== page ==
The Federal Communications Commission on Wednesday said Internet service providers in the U.S. are, for the most part, supplying the connection speeds they advertise to consumers — speeds have tripled in the last three years, according to an annual agency report.
According the FCC’s fifth “Measuring Broadband America” report, the average maximum advertised speeds increased 94 percent from 37.2 megabits per second in September 2013 to 72 Mbps in September 2014, with cable download speeds specifically increasing from 12-20 Mbps in March 2011 to 50-105 Mbps in September 2014.
“Today’s report confirms that advances in network technology are yielding significant improvements in broadband speeds and quality,” FCC Chairman Tom Wheeler said in a statement. “Faster, better broadband will unleash new innovations and new services to improve the lives of the American people. This comprehensive assessment of broadband performance helps to keep consumers informed and hold ISPs accountable.”
Cable, satellite and fiber services on average advertise speeds “close to or below the actual speeds experienced by their subscribers,” including some DSL providers.
Top performers include Cablevision, Comcast and Hughes. Ninety percent of their customer bases experienced an average 95 percent of the download speeds advertised. AT&T U-Verse, Verizon Fiber and Mediacom were the runners up, with 80 percent of their customers experiencing 95 percent of the speeds promised to them.
Both of those metrics exceed the FCC’s mandated minimum of 80 percent of customers receiving their full advertised speed 80 percent of the time, and more providers met or exceeded the standard more consistently than in last year’s report.
Cablevision had the fastest average download speeds at 60 Mbps, with Charter and Verizon following with 50 Mbps, Cox with 40 Mbps and Comcast with 35 Mbps.
Broadband delivered via fiber and cable went above average and advertised 25 Mbps speeds in the Northeast, South, West and Midwest, with New Jersey and Connecticut clocking in the highest average speeds of 57 and 47 Mbps respectively. Arkansas, Idaho and Ohio had the lowest average, roughly 14 Mbps.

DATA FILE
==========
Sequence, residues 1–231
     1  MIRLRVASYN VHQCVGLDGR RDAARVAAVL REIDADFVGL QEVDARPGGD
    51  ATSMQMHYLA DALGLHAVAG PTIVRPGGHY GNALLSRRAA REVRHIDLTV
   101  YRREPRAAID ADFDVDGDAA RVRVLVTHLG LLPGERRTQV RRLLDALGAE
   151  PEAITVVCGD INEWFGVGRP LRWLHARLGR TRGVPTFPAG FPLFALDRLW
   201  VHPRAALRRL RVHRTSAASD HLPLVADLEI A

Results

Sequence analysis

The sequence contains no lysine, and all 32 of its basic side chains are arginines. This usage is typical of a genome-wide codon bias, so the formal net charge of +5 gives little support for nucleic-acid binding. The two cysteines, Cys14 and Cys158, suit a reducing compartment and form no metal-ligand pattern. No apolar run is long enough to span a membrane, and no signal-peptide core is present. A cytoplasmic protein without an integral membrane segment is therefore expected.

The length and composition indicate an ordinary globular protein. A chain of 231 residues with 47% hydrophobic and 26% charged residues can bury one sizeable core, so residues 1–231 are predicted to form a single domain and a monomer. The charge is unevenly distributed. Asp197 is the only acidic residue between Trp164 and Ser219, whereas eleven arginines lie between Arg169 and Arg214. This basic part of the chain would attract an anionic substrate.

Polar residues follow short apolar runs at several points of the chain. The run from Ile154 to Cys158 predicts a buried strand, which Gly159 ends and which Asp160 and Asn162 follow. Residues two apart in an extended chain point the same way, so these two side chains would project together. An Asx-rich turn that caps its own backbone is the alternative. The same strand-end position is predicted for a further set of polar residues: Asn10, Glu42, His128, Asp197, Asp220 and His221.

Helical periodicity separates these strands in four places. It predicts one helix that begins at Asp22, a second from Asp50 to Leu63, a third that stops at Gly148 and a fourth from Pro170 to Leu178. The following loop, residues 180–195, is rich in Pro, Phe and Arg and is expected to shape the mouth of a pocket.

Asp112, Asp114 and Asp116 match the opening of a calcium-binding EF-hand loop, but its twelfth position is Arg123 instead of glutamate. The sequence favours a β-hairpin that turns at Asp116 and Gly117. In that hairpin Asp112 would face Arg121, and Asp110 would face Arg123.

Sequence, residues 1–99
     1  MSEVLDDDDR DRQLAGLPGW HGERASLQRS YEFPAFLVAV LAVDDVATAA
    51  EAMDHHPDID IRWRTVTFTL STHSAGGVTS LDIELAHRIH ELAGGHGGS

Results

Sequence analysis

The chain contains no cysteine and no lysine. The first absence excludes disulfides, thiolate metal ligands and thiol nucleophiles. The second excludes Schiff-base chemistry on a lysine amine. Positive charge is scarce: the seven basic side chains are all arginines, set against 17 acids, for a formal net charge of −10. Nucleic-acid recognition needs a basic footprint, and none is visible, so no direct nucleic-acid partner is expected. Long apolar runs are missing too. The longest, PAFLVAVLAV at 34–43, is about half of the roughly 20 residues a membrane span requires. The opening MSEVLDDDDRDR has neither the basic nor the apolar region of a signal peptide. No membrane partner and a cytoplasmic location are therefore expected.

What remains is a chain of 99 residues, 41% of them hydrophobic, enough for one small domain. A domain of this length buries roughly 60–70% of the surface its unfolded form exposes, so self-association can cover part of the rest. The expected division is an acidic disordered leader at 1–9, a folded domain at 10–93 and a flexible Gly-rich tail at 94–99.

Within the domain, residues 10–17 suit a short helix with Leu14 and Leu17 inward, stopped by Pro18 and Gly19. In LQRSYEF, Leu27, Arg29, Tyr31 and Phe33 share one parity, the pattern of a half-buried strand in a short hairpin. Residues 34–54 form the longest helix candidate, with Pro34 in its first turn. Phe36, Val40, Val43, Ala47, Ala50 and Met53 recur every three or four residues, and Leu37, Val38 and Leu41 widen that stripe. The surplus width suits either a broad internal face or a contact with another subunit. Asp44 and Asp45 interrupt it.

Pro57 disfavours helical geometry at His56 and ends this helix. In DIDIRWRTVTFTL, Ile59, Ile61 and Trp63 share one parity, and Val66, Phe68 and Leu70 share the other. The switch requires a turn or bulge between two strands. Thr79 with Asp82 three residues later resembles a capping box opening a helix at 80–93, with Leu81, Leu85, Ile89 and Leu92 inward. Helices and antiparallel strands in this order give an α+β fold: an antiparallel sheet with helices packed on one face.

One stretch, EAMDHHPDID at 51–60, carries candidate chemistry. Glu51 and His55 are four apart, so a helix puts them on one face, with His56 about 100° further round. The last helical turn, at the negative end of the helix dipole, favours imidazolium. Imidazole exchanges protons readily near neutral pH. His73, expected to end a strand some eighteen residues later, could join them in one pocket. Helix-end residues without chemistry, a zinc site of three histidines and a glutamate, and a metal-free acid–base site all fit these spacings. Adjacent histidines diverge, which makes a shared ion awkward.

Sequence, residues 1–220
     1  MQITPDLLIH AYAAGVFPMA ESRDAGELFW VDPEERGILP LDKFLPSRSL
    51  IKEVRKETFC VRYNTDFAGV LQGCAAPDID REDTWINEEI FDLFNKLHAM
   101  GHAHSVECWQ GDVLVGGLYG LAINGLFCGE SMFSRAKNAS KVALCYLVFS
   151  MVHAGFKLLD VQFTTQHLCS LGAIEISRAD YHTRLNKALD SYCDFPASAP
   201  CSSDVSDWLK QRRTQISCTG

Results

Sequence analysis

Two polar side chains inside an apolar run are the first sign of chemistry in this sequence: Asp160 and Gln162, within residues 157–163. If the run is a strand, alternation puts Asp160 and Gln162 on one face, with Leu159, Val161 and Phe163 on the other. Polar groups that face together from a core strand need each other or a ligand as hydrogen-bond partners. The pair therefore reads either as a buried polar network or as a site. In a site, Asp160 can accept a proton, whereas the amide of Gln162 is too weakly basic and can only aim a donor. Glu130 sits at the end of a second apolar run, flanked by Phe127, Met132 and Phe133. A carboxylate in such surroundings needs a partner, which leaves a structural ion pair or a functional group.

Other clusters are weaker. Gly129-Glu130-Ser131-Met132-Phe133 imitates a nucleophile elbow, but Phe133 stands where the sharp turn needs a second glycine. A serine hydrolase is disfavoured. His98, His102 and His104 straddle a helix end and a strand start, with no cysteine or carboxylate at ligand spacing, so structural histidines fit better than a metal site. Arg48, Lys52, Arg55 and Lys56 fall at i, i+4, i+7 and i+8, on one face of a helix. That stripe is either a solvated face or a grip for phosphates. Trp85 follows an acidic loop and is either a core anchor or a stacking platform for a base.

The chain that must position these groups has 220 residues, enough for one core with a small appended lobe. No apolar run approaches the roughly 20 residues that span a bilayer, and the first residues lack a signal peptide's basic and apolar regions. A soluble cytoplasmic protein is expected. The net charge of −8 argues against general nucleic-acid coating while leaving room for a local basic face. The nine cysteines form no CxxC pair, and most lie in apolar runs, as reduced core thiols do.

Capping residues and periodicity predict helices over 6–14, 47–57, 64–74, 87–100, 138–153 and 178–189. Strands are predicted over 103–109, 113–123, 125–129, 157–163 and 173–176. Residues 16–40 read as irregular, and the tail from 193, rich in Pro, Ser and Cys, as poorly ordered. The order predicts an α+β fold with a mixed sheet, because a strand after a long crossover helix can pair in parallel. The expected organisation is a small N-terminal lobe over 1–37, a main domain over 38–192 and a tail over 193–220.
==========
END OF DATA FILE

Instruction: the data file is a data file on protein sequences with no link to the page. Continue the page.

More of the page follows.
Cable and fiber consumers paying for speeds between 15 and 30 Mbps “migrated at high rates” to faster service tiers between September 2013-2014. Demand was driven largely by the need for faster connection speeds to handle high-bandwidth services like online gaming and video streaming.
Video alone makes up more than 60 percent of U.S. users’ Internet traffic, with Cisco reporting the percentage could go up to 80 percent by 2019.
The report wasn’t all good news — average maximum DSL download speeds have hovered around 12 Mbps or less since 2011, and subscribers to service speeds of 15 Mbps or less — mostly offered by DSL providers — have for the most part stagnated, with few migrating to faster service speeds.
According to the FCC the U.S. is also lagging behind countries including Canada, France, Germany and Japan in average speed, ranking only 25 out of the 39 nations with the highest speeds in 2013 with a 19.55 Mbps average. Luxembourg, Singapore and Sweden took the top three spots with averages above 40 Mbps, leaving the U.S. coming out ahead of Brazil, Israel and Mexico.
While companies including Google, Comcast and AT&T move ahead with plans to roll out 1,000 Mbps fiber service in cities across the U.S., the report highlighted the growing speed gap between rural areas with largely satellite or mobile Internet connectivity only — an issue the FCC itself is tackling with plans aimed at applying federal subsidies to broadband and incentivizing carriers to expand their rural networks.